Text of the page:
British former police detective and writer also a super-recognizer?

“I’ve been told I have a photographic memory. I’m not sure that such a condition exists, but it is true that I never needed to refer to my notebook in court, made interviews a nightmare for suspects and could not forget a face, crime or clue. Badge numbers, car registrations, court cases, names and faces are all stored neatly on my mind’s infinite box of index cards and I usually have little trouble recovering them when needed.”

This passage on page 12 brings to mind the famous memory genius discovered by the Russian neuro-psychologist Alexander Luria, the synaesthete newspaper reporter whose memory gift was discovered by his boss after he explained why he never needed to take notes in a notebook. Luria gave him the name of S in the book that he wrote about the case; Mind of a Mnemonist. A couple of questions also come to mind on reading the above passage. Is it true? Who can tell? The author of the passage, which is an excerpt from the beginning of the book The Crime Factory, goes by the anonymous pen-name of Officer A, so checking the truth or probability of these quite extraordinary claims would have to be difficult. Another question – if Officer A’s memory really is as amazing as claimed, did it get that way by a natural gift or by training or a combination of both? One final question – is Officer A a synaesthete like the amazing S? I’ll have to continue reading to see whether any of my questions are answered. One thing that I can say about the book is that the bit about treating a case of severe bleeding in the leg utterly contradicts what I was taught in St John Ambulance first aid classes, so I think there is at least some dodgy information in the book.

I’ve found more interesting stuff on page 53. in which the author explains the pros and cons of having a “photographic memory”, and it it clear that it can cause a condition that is perhaps related to post-traumatic stress disorder in which ordinary visual stimuli can “trigger” the involuntary retrieval of visual memories of unpleasant scenes experienced in his work as a police officer. An example given is the sight of a stainless steel draining board triggering a visual memory of a dead baby after a post-mortem examination. I think I’ve written on the subject of PTSD before when reviewing the book The Shaking Woman by synesthete novelist Siri Hustvedt, and I recall that I speculated that PTSD might be connected to PTSD. After reading this book I’m all the more convinced, because the involuntary recall of traumatic visual memories described by the policeman seems to operate in the same way as synaesthesia, and is in many ways similar to my many experiences of having non-traumatic visual memories of scenes or faces evoked by visual or other cognitive triggers, which I have argued are a less-known types of synaesthesia. I’m not the least surprised that an extraordinary visual memory can have great advantages and disadvantages.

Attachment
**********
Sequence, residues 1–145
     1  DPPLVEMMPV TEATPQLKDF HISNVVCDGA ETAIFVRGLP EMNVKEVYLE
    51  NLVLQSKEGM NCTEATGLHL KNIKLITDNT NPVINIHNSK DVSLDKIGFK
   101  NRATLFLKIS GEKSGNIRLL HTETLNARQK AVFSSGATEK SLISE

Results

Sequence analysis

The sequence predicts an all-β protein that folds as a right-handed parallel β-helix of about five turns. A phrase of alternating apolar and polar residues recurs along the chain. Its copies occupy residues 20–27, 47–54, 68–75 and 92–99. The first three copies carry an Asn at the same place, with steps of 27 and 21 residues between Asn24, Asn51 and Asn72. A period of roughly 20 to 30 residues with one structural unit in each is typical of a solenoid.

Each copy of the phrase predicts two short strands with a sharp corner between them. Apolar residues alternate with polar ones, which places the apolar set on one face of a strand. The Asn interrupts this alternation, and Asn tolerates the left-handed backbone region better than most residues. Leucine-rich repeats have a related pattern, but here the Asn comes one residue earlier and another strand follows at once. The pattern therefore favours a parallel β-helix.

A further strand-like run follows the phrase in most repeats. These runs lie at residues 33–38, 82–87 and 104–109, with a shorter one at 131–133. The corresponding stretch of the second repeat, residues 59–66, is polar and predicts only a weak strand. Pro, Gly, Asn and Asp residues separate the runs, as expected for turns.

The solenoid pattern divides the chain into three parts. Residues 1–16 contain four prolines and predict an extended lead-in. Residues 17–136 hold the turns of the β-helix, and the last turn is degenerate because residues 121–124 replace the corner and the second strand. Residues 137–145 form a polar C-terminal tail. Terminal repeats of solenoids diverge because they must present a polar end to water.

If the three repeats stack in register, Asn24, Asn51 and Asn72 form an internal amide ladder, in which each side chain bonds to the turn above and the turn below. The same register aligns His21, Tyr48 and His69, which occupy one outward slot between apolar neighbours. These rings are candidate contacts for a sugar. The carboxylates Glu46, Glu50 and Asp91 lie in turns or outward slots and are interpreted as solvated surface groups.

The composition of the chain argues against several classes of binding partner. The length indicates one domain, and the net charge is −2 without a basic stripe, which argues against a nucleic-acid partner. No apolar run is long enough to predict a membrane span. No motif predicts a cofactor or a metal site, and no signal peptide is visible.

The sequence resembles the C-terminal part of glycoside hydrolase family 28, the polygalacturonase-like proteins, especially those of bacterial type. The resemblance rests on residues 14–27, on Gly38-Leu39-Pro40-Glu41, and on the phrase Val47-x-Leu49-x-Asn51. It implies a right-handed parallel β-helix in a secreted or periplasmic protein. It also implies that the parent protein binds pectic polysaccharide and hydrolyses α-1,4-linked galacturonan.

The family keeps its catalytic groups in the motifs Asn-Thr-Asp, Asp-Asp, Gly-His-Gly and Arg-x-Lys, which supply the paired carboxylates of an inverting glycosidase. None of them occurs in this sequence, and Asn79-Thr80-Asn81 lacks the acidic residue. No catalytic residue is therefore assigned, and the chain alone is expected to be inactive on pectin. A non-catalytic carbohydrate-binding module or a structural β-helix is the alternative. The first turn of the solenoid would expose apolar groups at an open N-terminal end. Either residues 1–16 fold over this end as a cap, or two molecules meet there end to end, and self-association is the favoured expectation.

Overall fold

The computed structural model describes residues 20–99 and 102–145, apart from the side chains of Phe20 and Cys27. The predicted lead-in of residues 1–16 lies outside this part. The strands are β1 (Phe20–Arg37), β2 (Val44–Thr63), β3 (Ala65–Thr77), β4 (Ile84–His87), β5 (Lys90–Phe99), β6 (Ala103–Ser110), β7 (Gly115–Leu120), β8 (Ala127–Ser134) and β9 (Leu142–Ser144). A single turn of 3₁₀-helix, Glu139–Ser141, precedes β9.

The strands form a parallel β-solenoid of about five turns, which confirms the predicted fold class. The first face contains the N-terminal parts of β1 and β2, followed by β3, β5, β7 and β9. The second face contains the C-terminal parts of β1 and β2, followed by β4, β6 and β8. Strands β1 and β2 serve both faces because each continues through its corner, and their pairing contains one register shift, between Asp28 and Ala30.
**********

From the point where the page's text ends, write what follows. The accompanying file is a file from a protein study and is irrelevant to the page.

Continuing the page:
Don’t let me mislead you into thinking this is a book about neuro-psychology. It is basically an action-packed autobiography of a British detective who has worked in England and also in Perth, Western Australia. Western Australian readers will no doubt be shocked by the ugly picture that the anonymous author has painted of the police in Perth.

Amazon UK page for the book

Sunday Times (WA) article by Anthony DeCeglie about the book and accusations made in it about WA police

Cached text-only version of quite shocking April 2012 article from People magazine by Douglas Wight that is based on the book’s introduction

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